Our arrival in Japan- broke!!

Kyoto Travel Blog

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So we didn't read that part of the Lonely Planet guide book where it says money is difficult to access in Japan.  Yep, that would have helped!!  But our adversities today made tomorrow all that much better...

We get into Japan at around 5 in the afternoon, well rested and ready to go.  We get our bags and go exchange our rail passes orders for the real thing.  We tell the attendant that we would like to go to Kyoto.  Hurry- there's the connecting train leaving in 5 minutes.  We should have said: let's take it easy- we'll catch the next one, we should grab some cash, maybe a snack.  But no, we run through the station and make it on the train, very pleased with ourselves for being able to navigate in Japanese.  After an hour, we arrive in Tokyo to change stations- we have 15 minutes.  This seems like a long time, but when you're having to get through a crowded train station at rush hour and figure out where you are supposed to go, this cuts it pretty close.  By now we have realized our slight predicament: we have no yen and we're getting a bit hungry!  So we dash out locate our quai and then go on a mad search to locate an ATM, all in the 15 minute time span.  Success- we try to get money out.  Hmmm- all Japanese.  We start pushing buttons and Jeff can eventually read one that says cashu cahdo- Cash card!  We put the debit card in, and bam!  it spits it back out.  We try another round of buttons, this one we figure out is kuhredito cahdo- credit card.  We try again, second failure.  We try the ATM down the hall, another failure.  Ahhh!! Time is up- we have to get on the train.  We dash through the station with our packs and make it just in time. 

We find our seats on the shinkansen, and settle down for an almost 3 hour ride to Kyoto, with no food, no money and grumbling tummies.  We manage to locate a granola bar and peanuts.  I've never seen Jeff more upset: he's finally in his mecca- the land of sushi and eating peanuts!  Oh- the tragic irony!!!  As 10:00 pm approaches and Kyoto looms near, we realize the root of the problem.  Japanese ATMs only accept Japanese bank cards.  In order to get cash, you have to find an international ATM, which can be tricky.  Our Lonely Planet has one identified only steps from the Train Station.  We disembark, and trudge that way- and its no where to be found.  In some very admirable Japanese, Jeff asks directions to Citibank, which LP designates as a safe bet- and open 24 hours.  Just up the road, only 2 subway stops- which turns out to be around a 30 minute hike with our packs, and me in flip-flops (huge blisters ensued).  To top it off, we were walking through the street fairs that had Kyoto streets shut down because it was the day before Gion Matsuri, so the streets were covered with food stalls.  There we were, trudging through throngs of people, beset on all sides by delicious yumminess that we could not by in 95 degree heat with 100 percent humidity.  To add insult to injury, we arrive at Citibank, drenched and ravenous just around 11:20.  We get cash (yeah!!!!!) and take a short breather to rest our weary feet.  Once rejuvinated, we head out back into the throng to get some yummy Japanese vittles... or so we thought.  We emerge from the bank to see all the venders packing up and closing down!!!!  IRONY thy name is Kyoto!  We grab the only to food items we can find, some water and hail a cab to our hostel.  I end up with a Japanese version of a corn-dog without the dog- kind of like fried dough wrapped around two chopsticks drizzled with ketchup and mayo... not the gourmet tidbit I imagined.  Jeff got a delicious little mixture of fried dough, red cabbage, meat bits and other stuff which was delicious.   Thus ended our first day in Japan.  It gets better from here, I promise!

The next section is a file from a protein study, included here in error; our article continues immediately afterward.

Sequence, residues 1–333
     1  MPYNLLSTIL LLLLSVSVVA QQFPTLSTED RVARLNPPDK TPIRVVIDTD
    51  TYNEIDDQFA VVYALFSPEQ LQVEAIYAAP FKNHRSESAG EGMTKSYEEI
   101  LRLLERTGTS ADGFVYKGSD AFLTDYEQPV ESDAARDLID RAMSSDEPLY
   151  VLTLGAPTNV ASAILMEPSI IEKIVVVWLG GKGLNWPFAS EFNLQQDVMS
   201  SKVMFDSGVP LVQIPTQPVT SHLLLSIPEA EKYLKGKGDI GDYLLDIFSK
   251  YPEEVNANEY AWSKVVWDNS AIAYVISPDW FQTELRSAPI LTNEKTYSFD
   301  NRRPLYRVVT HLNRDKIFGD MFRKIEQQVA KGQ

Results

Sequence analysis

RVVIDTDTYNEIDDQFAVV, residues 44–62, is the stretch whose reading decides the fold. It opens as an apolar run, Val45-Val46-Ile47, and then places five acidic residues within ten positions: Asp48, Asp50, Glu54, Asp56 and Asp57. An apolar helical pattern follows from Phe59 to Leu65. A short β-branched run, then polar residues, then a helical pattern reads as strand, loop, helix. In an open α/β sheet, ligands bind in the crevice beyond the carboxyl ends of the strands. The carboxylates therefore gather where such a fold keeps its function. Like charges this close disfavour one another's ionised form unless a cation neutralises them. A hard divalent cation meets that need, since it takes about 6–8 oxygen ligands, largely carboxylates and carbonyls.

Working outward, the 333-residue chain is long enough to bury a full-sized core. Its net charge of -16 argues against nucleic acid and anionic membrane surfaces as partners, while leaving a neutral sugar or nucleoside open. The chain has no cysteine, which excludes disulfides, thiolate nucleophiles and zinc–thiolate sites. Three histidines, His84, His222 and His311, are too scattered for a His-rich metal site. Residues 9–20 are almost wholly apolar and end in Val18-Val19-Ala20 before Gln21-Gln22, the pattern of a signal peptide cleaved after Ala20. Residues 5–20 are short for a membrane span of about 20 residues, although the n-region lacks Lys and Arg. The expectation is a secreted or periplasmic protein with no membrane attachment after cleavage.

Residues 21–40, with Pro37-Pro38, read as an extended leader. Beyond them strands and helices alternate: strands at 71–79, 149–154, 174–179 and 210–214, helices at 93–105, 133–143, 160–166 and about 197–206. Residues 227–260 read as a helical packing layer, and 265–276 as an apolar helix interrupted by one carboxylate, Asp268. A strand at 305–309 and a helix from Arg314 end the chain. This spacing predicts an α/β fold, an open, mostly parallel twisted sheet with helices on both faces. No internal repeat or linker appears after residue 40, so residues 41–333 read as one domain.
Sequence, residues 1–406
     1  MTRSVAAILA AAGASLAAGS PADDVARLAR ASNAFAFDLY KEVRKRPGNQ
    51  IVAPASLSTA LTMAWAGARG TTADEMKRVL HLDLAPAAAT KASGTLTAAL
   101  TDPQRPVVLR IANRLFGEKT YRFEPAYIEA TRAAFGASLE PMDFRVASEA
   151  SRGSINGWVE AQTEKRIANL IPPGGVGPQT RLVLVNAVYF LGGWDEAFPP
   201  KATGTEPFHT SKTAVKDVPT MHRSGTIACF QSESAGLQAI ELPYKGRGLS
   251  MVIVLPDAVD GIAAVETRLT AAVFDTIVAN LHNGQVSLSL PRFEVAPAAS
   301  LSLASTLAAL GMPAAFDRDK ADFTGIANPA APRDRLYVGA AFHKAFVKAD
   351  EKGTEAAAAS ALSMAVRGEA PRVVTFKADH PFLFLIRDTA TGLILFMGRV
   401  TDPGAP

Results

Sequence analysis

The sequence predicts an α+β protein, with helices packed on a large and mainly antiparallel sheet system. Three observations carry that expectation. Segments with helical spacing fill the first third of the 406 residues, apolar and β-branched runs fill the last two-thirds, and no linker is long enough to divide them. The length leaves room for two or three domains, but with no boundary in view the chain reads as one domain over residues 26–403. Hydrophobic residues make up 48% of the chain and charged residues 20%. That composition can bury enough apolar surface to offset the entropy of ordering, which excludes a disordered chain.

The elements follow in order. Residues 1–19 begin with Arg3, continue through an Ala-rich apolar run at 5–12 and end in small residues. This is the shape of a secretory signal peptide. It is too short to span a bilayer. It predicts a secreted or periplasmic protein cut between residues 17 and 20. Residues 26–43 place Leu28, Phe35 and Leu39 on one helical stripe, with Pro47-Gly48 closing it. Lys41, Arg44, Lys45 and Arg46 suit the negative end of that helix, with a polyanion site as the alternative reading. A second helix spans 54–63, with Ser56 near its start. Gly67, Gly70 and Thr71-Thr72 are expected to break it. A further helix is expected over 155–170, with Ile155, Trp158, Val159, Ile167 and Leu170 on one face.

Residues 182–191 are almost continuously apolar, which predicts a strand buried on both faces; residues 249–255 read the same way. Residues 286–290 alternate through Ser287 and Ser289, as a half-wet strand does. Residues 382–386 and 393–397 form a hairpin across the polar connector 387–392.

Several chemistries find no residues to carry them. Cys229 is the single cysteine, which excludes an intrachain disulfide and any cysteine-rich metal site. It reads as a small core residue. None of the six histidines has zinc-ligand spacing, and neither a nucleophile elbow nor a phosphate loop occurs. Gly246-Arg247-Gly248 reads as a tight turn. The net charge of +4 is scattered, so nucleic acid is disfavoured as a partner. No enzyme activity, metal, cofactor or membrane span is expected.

bernard69 says:
thanks for sharing,very informative !
Posted on: Jul 19, 2009
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